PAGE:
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T

he realm of intellectual property is constellated of a

variety of associated rights whose business potential is

still vaguely known, and is thus waiting to get fully

unleashed. A correct and useful knowledge of intellectual property

rights (IPR) is in fact not widespread throughout society and

keeps remaining a matter mostly limited to relatively few

professionals, either employed in dedicated IPR departments of

larger R&D companies or in IPR consultancy firms.

Patents are often interpreted according to a common general

knowledge which has been built up on numerous misconceptions

with regard to their usefulness and cost effectiveness. Filing a

patent application, for instance, is considered, wrongly or rightly, a

sign of overt geniality, the only means to protect a private

inventor’s idea against malicious buyers and partners, an

extremely high expenditure with no practical use, and a major

obstacle to development and trading.

The reality, however, is that the palette of IPRs and its

complementary legal tools (e.g. agreements related to non-

disclosure, consortium creation, R&D consultancy, transfer,

licence, etc.) is a powerful instrument to boost an upcoming

business (e.g. a start-up, a spin-off or a joint venture) and

strengthen an established business (e.g. an SME), not to create

one. Indeed, besides an idea (not necessarily entailing a

breakthrough as many researchers wrongly assume), the creation

of a new business involves, amongst other factors, a market, a

viable business model, a team of highly committed persons

having interdisciplinary backgrounds, trustable partners, and

investors. At each stage of a business, from its creation to its

maintenance and, in some cases, to its exit, its intellectual

property must be adequately protected for preventing harmful

consequences while concurrently increasing the probability of its

success, growth and survival.

An example of the process

Let us take the example of an upcoming start-up. Shortly after

the idea is conceived, once the necessary personal reflections

and initial business considerations have been carried out, the

team should write down a business plan. As a first aspect, the

latter must embrace a realistic assessment of existing

competitors. In this context, it is common, deliberately or not, to

underestimate the importance of conducting an IP search along

with a market search.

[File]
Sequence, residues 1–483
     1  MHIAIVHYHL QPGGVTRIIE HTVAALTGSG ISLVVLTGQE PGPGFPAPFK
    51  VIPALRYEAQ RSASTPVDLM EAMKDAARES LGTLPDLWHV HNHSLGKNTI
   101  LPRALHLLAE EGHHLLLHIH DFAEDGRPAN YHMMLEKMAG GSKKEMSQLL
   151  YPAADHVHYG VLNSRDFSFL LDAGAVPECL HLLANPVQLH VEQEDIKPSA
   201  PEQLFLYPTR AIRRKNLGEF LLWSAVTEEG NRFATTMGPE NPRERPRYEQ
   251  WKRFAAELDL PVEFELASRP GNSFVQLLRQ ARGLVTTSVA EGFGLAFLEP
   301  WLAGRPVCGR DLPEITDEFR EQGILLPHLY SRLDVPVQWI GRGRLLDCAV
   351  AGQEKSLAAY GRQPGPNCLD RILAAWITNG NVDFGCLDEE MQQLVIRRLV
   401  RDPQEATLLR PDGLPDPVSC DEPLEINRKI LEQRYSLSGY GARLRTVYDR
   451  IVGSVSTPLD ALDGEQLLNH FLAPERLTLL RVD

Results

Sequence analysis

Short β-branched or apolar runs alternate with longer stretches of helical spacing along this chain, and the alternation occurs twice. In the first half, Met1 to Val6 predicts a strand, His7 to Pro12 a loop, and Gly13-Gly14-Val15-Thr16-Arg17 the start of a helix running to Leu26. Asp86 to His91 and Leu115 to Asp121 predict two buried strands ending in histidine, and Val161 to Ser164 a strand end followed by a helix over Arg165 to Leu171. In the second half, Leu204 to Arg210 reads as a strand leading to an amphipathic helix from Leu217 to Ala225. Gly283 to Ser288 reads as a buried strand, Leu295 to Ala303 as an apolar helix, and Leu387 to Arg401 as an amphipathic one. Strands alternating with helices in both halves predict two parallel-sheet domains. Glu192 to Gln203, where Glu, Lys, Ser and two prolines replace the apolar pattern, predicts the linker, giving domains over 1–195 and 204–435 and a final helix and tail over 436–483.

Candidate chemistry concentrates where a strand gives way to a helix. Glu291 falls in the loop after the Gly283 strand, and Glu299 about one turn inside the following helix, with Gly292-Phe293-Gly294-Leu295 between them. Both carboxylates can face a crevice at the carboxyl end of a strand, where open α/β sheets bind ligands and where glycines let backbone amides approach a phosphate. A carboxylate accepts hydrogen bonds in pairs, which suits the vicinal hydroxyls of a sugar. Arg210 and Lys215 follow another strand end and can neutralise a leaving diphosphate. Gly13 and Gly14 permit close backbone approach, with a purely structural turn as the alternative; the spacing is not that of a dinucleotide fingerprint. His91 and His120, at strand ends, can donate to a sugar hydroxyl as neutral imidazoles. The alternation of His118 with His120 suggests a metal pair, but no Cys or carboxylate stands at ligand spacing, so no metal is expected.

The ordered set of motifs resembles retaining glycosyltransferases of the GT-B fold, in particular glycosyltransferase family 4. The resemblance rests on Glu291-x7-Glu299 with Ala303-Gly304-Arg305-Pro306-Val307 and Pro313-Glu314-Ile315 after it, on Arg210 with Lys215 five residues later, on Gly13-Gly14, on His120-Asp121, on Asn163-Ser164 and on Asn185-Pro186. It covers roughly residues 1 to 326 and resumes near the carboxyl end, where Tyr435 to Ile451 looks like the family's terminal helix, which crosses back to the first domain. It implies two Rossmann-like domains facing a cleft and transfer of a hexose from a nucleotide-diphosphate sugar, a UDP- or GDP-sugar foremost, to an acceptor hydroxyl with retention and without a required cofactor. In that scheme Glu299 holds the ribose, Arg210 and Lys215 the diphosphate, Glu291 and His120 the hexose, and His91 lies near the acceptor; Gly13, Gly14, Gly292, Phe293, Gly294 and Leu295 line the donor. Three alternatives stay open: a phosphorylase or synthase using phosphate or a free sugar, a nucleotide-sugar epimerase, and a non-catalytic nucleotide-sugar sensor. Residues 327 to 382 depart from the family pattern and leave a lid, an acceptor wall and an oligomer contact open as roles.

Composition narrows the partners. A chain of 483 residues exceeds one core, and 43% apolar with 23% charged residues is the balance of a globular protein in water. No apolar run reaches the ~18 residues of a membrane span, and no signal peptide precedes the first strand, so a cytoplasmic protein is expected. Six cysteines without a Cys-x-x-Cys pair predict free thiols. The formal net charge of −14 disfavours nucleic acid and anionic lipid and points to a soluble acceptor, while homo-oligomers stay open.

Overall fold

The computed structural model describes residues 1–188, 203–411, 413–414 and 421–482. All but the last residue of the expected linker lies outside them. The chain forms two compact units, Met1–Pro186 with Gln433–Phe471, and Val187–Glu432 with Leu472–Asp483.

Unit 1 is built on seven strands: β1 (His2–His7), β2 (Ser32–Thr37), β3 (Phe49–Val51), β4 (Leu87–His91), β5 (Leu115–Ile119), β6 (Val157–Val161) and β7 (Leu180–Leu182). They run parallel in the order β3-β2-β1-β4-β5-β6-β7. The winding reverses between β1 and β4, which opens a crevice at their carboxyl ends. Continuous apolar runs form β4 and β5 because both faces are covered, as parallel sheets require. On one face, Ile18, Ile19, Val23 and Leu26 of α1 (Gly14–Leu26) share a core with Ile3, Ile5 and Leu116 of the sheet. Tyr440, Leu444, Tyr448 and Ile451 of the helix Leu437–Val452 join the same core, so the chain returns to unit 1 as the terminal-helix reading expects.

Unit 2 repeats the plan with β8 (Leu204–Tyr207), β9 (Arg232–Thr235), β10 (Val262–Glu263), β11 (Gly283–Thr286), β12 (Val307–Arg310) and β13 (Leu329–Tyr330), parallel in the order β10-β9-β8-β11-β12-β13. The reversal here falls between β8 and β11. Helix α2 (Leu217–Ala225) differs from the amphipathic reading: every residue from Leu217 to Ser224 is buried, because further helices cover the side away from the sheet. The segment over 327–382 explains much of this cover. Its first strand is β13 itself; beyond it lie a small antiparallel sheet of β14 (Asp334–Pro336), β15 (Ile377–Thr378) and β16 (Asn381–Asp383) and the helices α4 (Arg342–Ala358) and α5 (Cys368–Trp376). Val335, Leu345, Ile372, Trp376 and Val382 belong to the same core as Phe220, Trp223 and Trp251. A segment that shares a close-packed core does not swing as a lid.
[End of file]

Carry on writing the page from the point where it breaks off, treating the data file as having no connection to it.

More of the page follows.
Typically, the result of an IP search would offer many powerful

business-related indications in respect to, amongst others:

deriving the actual interest and the geographical interest in a

technology or a design by respectively looking at the evolution of

filings during the years and the number of filings per

country/region; avoiding re-inventing and re-developing existing

products and services; designing alternative solutions or

improvements with respect to the state-of-the-art; discovering

further competitors along with their market span; and finding

business partners. In particular, besides an assessment of the

likelihood of protecting a technology or a design with an IPR,

entrepreneurs often ignore the fact that the competitors found in

the IP search may own a portfolio of active (even dormant) rights

that could represent a serious hindrance to their future business.

As a second aspect, IPRs shall be taken into account in the

budget section of the business plan, since they represent both an

expense and a source of income. As a consequence, preliminary

strategic and economic considerations concerning trademarks,

designs and patents shall be performed.

Normally, people consider IPRs primarily as the ‘shield’ of a

business, i.e. a protection from competitors inventing or copying

the same idea, while overlooking that they can also be turned into

the ‘sword’ of the business thanks to their direct and indirect

economic benefits. The former benefits refer to the extra profits

resulting from: (i) a stronger market power (i.e. the possibility to

Making intellectual property rights the ‘shield’ and the ‘sword’ of your business

IP:All-round business asset

18

I S S U E S E V E N

H O R I Z O N 2 0 2 0 P R O J E C T S : P O R TA L

www.horizon2020projects.com

P R O F I L E

E X C E L L E N T S C I E N C E

Simone Frattasi (left) and Leif L Nielsen (right)